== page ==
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Today's Stichomancy for Pol Pot

The first excerpt represents the element of Air. It speaks of mental influences and the process of thought, and is drawn from The Letters of Robert Louis Stevenson by Robert Louis Stevenson:

not yet turned up. I lie on the sofa to write this, whence the pencil; having slept yesterdays - 1+4+7.5 = 12.5 hours and being (9 A.M.) very anxious to sleep again. The arms of Porpus, quoi! A poppy gules, etc.

From Stobo you can conquer Peebles and Selkirk, or to give them their old decent names, Tweeddale and Ettrick. Think of having been called Tweeddale, and being called PEEBLES! Did I ever tell you my skit on my own travel books? We understand that Mr. Stevenson has in the press another volume of unconventional travels: PERSONAL ADVENTURES IN PEEBLESSHIRE. JE LA TROUVE MECHANTE. - Yours affectionately,

The second excerpt represents the element of Fire. It speaks of emotional influences and base passions, and is drawn from Anabasis by Xenophon:

in Corinth. He died in 354 B.C.

The Anabasis is his story of the march to Persia to aid Cyrus, who enlisted Greek help to try and take the throne from Artaxerxes, and the ensuing return of the Greeks, in which Xenophon played a leading role. This occurred between 401 B.C. and March 399 B.C.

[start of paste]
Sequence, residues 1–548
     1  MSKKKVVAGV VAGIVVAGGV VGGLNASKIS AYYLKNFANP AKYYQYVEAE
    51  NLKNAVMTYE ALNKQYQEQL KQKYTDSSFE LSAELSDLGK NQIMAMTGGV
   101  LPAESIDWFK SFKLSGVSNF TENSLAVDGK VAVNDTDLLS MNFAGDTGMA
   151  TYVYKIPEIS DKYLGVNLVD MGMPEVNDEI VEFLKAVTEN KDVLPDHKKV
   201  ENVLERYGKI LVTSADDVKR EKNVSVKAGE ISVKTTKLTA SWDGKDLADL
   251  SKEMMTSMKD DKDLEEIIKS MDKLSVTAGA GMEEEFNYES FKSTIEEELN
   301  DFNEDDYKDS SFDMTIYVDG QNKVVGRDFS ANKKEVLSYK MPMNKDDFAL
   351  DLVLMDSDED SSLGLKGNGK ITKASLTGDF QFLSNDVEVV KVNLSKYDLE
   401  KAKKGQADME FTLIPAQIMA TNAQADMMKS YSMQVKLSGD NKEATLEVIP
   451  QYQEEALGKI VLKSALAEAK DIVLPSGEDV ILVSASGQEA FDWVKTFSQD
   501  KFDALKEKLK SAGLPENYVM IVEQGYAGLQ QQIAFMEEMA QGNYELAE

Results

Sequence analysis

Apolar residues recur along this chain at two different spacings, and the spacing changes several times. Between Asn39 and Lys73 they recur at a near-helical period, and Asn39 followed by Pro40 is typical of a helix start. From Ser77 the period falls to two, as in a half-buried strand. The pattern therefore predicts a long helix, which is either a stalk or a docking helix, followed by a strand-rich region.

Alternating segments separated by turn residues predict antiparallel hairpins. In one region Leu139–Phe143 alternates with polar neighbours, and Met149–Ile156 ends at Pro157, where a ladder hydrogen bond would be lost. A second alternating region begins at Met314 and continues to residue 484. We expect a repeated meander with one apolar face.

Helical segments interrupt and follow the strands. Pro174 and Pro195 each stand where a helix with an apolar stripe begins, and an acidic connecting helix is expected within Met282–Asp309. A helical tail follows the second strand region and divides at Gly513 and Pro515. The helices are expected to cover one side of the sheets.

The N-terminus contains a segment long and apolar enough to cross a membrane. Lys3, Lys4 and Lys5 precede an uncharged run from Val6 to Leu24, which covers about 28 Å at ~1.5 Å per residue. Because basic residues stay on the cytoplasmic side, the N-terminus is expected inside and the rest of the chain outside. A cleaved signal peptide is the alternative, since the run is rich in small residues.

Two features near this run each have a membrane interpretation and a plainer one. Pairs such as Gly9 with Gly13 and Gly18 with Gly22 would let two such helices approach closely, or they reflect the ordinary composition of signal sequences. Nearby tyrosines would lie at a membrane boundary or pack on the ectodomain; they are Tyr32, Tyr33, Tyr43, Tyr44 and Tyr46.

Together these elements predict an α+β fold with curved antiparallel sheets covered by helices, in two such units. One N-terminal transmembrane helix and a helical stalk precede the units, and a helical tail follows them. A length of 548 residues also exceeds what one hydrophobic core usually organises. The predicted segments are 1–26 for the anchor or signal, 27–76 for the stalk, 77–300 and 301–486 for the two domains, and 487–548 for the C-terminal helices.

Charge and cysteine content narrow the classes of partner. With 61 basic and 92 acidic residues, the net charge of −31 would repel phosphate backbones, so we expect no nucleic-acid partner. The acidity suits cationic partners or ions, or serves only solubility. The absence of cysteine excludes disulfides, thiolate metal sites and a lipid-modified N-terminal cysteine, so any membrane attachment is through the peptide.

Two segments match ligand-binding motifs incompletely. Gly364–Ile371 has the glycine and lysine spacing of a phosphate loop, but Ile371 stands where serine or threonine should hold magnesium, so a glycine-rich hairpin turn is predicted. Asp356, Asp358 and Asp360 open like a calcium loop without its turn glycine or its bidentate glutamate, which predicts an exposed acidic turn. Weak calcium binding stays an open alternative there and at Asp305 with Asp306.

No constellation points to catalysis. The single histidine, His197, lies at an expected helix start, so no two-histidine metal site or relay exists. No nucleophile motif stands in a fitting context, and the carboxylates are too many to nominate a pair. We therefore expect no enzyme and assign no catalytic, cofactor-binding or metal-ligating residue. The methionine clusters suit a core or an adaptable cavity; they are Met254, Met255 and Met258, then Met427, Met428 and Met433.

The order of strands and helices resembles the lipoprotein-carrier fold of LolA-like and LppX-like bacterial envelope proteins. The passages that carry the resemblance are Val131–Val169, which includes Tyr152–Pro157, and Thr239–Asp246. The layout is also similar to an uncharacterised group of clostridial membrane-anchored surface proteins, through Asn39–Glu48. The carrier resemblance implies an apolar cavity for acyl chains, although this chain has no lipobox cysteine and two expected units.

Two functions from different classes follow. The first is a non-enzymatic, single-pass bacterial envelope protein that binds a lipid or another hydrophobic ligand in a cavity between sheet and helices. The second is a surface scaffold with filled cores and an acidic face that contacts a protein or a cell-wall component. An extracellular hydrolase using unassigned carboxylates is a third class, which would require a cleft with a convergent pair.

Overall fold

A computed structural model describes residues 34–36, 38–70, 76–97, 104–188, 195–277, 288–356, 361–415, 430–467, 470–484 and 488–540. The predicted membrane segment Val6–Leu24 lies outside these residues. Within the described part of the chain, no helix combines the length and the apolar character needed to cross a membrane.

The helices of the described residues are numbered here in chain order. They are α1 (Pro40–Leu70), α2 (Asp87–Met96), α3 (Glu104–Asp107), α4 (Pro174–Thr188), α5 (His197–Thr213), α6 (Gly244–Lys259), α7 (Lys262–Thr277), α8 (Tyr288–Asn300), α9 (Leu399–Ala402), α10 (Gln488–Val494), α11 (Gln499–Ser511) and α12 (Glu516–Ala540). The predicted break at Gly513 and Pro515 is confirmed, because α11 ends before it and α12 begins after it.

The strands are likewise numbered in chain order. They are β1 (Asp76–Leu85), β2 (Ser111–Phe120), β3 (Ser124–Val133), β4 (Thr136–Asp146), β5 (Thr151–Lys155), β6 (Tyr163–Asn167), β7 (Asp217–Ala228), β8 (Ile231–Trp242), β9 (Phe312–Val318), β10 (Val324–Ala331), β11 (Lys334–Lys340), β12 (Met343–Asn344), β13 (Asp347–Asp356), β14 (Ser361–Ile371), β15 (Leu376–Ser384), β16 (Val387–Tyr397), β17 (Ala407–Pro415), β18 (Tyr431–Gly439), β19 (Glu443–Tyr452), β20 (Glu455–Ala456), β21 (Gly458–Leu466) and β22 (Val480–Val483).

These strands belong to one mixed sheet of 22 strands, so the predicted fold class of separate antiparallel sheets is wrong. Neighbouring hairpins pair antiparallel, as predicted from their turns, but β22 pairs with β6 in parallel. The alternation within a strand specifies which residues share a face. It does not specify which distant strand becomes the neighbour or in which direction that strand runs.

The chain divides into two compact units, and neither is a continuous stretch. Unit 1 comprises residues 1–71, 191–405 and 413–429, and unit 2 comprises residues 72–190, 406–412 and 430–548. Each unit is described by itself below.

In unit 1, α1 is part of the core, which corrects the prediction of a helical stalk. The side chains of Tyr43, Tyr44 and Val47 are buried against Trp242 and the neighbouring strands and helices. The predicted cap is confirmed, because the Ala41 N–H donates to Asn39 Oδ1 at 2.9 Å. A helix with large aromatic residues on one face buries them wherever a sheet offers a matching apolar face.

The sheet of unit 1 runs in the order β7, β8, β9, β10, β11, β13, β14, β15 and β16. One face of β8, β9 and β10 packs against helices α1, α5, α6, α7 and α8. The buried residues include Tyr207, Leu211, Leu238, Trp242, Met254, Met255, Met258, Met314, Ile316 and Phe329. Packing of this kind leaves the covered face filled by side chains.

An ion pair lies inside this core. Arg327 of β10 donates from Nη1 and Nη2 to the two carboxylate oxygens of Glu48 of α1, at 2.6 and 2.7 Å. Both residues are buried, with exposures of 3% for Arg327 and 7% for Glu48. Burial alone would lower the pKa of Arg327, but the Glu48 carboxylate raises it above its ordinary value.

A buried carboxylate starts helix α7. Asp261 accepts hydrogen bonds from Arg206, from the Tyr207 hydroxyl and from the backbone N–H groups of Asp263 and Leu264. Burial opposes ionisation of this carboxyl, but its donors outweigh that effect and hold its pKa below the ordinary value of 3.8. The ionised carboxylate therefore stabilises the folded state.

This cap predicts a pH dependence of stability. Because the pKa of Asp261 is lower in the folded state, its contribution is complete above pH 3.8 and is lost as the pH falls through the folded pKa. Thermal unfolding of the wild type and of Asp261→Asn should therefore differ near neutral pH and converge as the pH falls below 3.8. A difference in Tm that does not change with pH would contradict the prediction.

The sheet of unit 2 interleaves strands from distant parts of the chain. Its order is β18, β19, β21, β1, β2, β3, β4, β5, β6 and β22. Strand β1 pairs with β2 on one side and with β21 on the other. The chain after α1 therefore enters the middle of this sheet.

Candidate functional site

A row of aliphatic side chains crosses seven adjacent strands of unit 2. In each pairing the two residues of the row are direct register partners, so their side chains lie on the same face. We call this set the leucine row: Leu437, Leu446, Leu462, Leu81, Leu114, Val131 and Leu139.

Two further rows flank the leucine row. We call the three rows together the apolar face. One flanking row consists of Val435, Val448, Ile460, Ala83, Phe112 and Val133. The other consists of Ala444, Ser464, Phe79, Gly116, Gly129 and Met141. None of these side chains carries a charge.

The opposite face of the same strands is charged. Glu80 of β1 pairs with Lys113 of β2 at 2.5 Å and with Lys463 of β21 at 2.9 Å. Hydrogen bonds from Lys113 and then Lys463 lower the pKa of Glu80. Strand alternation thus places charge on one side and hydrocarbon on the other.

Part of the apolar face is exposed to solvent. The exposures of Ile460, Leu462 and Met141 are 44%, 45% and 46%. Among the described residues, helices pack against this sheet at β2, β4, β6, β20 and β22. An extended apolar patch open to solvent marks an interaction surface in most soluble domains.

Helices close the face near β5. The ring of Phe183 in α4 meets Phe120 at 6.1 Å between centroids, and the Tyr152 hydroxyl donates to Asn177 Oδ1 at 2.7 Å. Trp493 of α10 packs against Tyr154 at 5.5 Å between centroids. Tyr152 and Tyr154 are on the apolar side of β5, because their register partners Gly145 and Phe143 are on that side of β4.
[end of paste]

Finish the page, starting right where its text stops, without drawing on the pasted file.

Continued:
PREPARER'S NOTE

This was typed from Dakyns' series, "The Works of Xenophon," a four-volume set. The complete list of Xenophon's works (though there is doubt about some of these) is:


Anabasis
The third excerpt represents the element of Water. It speaks of pure spiritual influences and feelings of love, and is drawn from A Distinguished Provincial at Paris by Honore de Balzac:

Creditors seized Coralie's horses, carriage, and furniture at last, for an amount of four thousand francs. Lucien went to Lousteau and asked his friend to meet his bill for the thousand francs lent to pay gaming debts; but Lousteau showed him certain pieces of stamped paper, which proved that Florine was in much the same case. Lousteau was grateful, however, and offered to take the necessary steps for the sale of Lucien's Archer of Charles IX.

"How came Florine to be in this plight?" asked Lucien.

"The Matifat took alarm," said Lousteau. "We have lost him; but if Florine chooses, she can make him pay dear for his treachery. I will tell you all about it."

The fourth excerpt represents the element of Earth. It speaks of physical influences and the impact of the unseen on the visible world, and is drawn from Rise and Fall of Cesar Birotteau by Honore de Balzac:

Madame Birotteau alone had the good sense to treat hers with honor and respect in public; she knew him to be a man who, in spite of his secret disabilities, had earned their fortune, and whose good name she shared. It is true that she sometimes asked herself what sort of world this could be, if all the men who were thought superior were like her husband. Such conduct contributed not a little to maintain the respectful esteem bestowed upon the perfumer in a community where women are much inclined to complain of their husbands and bring them into discredit.

*****

The first days of the year 1814, so fatal to imperial France, were


Rise and Fall of Cesar Birotteau